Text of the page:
Honors College, Office of Sustainability Sponsor Students to Attend Sustainability Conference

Posted: May 5, 2010 at 1:03 am, Last Updated: May 4, 2010 at 3:52 pm

By Catherine Ferraro

Celebrated in more than 175 countries every year, Earth Day recently marked its 40th anniversary on April 22. This year, to inspire awareness and appreciation for the Earth’s environment, a group of Mason students worked together with the Office of Sustainability on a project during Mason’s Earth Week.

Joining together to encourage students to get involved in Earth Week, the Honors College and Office of Sustainability offered awards for up to 11 students to attend the 2010 Sustainability Conference at Longwood University.

The conference was titled “Towards a Culture with a Conscience: Reflections on Sustainability.”

To be considered for the opportunity, students submitted an application and an essay describing their interest in the conference and the topic of sustainability.

All students also agreed to work as a team with the Office of Sustainability upon their return and use the knowledge gained at the conference to plan and implement a project that would benefit the Mason community.

“We felt that offering students an opportunity to participate in the conference was important because there are many individuals on campus who are not as aware about issues of sustainability as they could be,” says Lenna Storm, manager of the Office of Sustainability.

“The conference helped the students learn a lot about the issues we are facing from environmental, ethical and economic standpoints.”

In March, seven students traveled to Farmville, Va., to attend the conference: Ashley Mott, Alison Rutledge, Amanda Wall, Jason Von-Kundra, Yuka Taylor, Emily Miles and Cassondra Coleman.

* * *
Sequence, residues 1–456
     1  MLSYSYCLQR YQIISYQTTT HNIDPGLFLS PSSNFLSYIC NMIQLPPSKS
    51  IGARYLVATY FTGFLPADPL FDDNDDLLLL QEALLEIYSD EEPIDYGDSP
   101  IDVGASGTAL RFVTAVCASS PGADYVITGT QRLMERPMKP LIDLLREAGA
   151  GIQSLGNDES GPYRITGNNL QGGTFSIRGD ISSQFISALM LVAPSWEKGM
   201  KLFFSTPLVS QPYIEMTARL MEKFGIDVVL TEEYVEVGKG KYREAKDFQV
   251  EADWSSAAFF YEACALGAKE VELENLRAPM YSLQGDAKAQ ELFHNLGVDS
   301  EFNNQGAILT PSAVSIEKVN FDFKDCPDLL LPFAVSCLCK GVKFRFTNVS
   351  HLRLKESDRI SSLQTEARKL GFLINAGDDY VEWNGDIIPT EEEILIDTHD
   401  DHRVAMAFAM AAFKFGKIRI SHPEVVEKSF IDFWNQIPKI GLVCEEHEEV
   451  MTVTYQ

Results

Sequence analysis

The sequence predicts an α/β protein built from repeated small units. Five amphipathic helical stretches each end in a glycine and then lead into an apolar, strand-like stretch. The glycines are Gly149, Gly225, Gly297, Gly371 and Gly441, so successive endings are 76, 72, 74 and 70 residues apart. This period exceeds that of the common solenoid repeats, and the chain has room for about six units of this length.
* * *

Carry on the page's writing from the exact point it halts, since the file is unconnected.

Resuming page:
The conference featured invited speakers who shared their thoughts and experiences pertaining to sustainability, such as environmental stewardship, economic development and social justice.

When the students returned from the conference, they began working with the Office of Sustainability to take care of Mason’s new sustainable produce garden.

The garden is a joint project with the Fairfax County Restoration Project and the Transurban-Fluor Capital Beltway Project Community Grant Program.

The garden will provide produce for the campus community and local food banks.

For the past several weeks, the students have been working in the garden to build up the beds and plant the produce.

They also used recycled wood pallets and crates to build a fence that surrounds the garden.

Some of the planted produce includes tomatoes, tobacco (to deter pests) and radishes. The students are also working on creating an herb garden.

As one of the founding members of Mason’s Garden Club, Coleman, a junior global affairs major in the Honors College, felt attending the sustainability conference and working in the garden would be a great way to get more involved in environmental causes on campus.

“Not only did the conference help us learn more about the area of sustainability, but it also focused on several issues of which I am very interested, including the fair trade movement and international issues,” says Coleman.

“Being able to come back to campus and work as a team with other students on the garden made me feel like I was really making a difference and bringing awareness to the campus community.”

Another student who attended the conference is Jason Von-Kundra, a junior earth science major.

As co-chair of Mason’s Environmental Action Group, Von-Kundra works with other students to help raise awareness of environmental issues and encourage community involvement.

According to Von-Kundra, having the opportunity to work in the garden is a great way to use the knowledge he learned at the conference and also encourage others to get involved and learn about sustainability.

“Growing up, I have always had a great appreciation for the environment, and it concerns me that our planet is not sustainable,” says Von-Kundra.

“Being so dependent on fossil fuels makes me worry about future generations and understand the importance of educating as many people as possible so that they realize the significance of living a sustainable life.”

Both Coleman and Von-Kundra, who plan to continue working in the garden, helped to plan several other events during Earth Week: the Environmental Film Festival, the Environmental Expo and the Organic Garden Gala.

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